In the mid-1980s the UK planned to introduce 'dim-dip' lighting for use in urban areas at night, rather than for daytime use but plans were scuppered when common European standards couldn't be agreed.

Dim-dip switched on headlights at reduced brightness when the ignition and side lights were on. Volvo and others adopted dim-dip in place of 21 watt side lights for daytime running at this time.

Daytime use of headlights

A lot of discussion followed about whether cars across Europe should have their headlights on all the time – many countries introduced local rules while the European commission considered legislation and possible technical standards.

By 2006 drivers in 12 countries had to drive with their headlights on all year round including Sweden since 1977, Iceland, Latvia, Macedonia and Norway since around 1980, Denmark since 1990 and Romania, Slovenia and parts of Portugal since 1998.

Lithuania, Slovakia and the Czech Republic required daytime use of headlights in the winter only while Hungary and Italy required daytime running lights outside built up areas.

The UK never introduced a rule requiring daytime use of headlights.

Benefits

Those in favour of daytime running lights claimed they significantly reduce road deaths and serious injuries, while those against objected to the constant glare of headlights and voiced concern that motorcycle riders may become less conspicuous. There was some concern about increased fuel costs too.

In 2006 the European Commission published the results of research into the effectiveness, costs and benefits of introducing Daytime Running Lights (DRL).

A European Commission study in 2006 suggested that a substantial number of casualties could be prevented across the EU with a positive benefit-to-cost ratio when the costs of fitting lamps and the environmental cost of running them was taken into account.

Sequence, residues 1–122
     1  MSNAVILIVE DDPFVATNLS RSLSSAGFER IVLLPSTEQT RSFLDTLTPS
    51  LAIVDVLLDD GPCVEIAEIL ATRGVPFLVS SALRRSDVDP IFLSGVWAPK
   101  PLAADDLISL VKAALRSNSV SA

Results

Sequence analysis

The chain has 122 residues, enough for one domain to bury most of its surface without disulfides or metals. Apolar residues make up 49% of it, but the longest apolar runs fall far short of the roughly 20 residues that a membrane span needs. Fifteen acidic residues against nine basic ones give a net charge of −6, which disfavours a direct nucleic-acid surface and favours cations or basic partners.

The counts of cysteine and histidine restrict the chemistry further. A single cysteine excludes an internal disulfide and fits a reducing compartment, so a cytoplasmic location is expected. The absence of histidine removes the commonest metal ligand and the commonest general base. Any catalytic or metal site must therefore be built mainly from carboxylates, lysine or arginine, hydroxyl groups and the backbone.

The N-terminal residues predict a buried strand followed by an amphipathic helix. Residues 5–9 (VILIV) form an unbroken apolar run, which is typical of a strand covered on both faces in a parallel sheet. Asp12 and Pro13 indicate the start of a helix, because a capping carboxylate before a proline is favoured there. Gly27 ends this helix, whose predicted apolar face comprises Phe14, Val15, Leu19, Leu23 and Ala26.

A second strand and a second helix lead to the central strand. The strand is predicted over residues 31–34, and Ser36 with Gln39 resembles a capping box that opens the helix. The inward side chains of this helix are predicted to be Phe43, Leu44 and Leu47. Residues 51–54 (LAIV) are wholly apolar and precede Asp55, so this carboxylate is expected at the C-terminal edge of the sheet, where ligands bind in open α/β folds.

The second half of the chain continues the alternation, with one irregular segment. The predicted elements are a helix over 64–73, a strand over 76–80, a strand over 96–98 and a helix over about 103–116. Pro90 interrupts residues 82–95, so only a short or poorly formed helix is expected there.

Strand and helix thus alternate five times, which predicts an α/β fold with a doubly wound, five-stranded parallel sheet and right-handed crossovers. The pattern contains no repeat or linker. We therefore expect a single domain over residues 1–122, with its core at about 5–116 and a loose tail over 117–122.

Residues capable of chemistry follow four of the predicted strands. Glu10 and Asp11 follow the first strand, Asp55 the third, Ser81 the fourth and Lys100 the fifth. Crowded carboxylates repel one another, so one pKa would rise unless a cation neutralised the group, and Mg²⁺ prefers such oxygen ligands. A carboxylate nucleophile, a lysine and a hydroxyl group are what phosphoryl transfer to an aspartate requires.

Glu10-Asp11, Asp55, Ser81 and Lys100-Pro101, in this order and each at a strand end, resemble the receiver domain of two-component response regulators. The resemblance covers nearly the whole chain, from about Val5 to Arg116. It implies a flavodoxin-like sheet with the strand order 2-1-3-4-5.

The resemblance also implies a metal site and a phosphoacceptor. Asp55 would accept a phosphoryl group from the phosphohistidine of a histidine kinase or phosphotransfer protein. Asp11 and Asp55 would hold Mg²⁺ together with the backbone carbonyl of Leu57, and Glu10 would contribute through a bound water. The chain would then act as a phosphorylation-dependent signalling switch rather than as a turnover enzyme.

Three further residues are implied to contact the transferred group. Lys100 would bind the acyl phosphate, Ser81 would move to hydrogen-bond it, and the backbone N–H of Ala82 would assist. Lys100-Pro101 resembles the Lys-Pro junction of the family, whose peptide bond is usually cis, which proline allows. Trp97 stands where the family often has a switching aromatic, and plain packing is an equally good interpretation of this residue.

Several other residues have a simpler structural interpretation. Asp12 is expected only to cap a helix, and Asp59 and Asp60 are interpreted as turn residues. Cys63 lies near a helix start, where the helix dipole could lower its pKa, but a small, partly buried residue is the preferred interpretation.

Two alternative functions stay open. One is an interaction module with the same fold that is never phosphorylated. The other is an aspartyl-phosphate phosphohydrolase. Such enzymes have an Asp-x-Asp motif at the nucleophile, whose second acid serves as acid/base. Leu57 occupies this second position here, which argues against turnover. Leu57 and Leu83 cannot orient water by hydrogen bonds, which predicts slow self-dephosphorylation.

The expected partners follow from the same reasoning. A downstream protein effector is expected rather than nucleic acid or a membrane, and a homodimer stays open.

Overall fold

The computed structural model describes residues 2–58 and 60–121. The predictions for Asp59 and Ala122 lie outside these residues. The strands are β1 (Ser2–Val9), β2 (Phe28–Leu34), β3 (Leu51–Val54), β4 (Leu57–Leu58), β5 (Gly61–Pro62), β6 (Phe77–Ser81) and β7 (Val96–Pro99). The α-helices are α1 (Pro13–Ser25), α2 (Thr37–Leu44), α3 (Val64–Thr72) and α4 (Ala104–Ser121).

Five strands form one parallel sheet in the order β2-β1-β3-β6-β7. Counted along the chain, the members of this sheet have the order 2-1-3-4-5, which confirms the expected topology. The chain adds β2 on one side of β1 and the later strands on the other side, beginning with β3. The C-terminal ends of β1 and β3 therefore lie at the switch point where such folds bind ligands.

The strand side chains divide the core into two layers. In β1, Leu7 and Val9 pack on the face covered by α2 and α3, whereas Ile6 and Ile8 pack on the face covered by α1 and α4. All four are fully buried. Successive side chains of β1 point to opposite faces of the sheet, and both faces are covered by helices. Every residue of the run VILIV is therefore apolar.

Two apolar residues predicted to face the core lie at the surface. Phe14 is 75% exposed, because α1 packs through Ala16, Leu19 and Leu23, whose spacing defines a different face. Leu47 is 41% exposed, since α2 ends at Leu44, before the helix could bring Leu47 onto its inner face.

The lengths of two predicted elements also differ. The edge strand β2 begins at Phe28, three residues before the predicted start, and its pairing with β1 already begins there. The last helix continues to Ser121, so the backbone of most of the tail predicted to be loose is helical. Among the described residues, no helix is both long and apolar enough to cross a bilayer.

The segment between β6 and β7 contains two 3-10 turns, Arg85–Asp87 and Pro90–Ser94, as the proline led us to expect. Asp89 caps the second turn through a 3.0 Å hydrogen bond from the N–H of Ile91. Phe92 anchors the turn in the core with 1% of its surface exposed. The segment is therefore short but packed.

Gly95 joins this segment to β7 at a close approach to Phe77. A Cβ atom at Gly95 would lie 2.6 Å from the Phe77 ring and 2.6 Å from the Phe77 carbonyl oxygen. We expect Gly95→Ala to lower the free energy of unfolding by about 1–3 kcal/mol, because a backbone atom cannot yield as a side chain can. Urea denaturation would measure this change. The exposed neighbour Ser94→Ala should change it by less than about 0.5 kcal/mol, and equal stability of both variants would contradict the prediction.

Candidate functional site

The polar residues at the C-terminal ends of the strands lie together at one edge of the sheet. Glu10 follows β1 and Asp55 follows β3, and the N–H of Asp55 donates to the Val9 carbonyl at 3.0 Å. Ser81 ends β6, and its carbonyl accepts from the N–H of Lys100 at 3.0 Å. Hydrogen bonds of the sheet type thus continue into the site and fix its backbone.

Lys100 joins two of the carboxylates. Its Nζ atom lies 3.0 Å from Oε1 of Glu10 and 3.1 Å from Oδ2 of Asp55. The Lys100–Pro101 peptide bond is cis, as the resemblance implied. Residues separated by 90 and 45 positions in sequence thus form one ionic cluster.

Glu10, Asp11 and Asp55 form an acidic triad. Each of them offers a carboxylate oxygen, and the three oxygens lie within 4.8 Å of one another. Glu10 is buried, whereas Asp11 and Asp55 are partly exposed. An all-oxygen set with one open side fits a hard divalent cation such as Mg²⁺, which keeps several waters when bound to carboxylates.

A later UK Department for Transport (DfT) study confirmed the Commission's findings that there would be a net reduction in accidents, but cast doubts about whether the benefit would outweigh the costs.

The UK study also concluded that dedicated Daytime Running Lights could improve the visibility of cars in dim light without reducing the conspicuity of motorcyclists.

Fuel consumption

Light Emitting Diodes (LED) only consume a fraction of the electricity taken by a normal headlight - they're being used increasingly for other lights on vehicles for the same reason.

Use of dedicated daytime running lights instead of driving with headlights or sidelights also means that tail lights and instrument lights are not illuminated during the day.

The alternator is driven by the engine and spins all the time but it doesn't always consume the same amount of power from the engine. When the electrical load on the alternator increases more power is required to turn it and so fuel consumption is increased.

While headlamps consume 110 watts of power, dedicated daytime running lights using LEDs might consume only 5-10 watts so putting negligible load on the alternator.

(5 June 2014)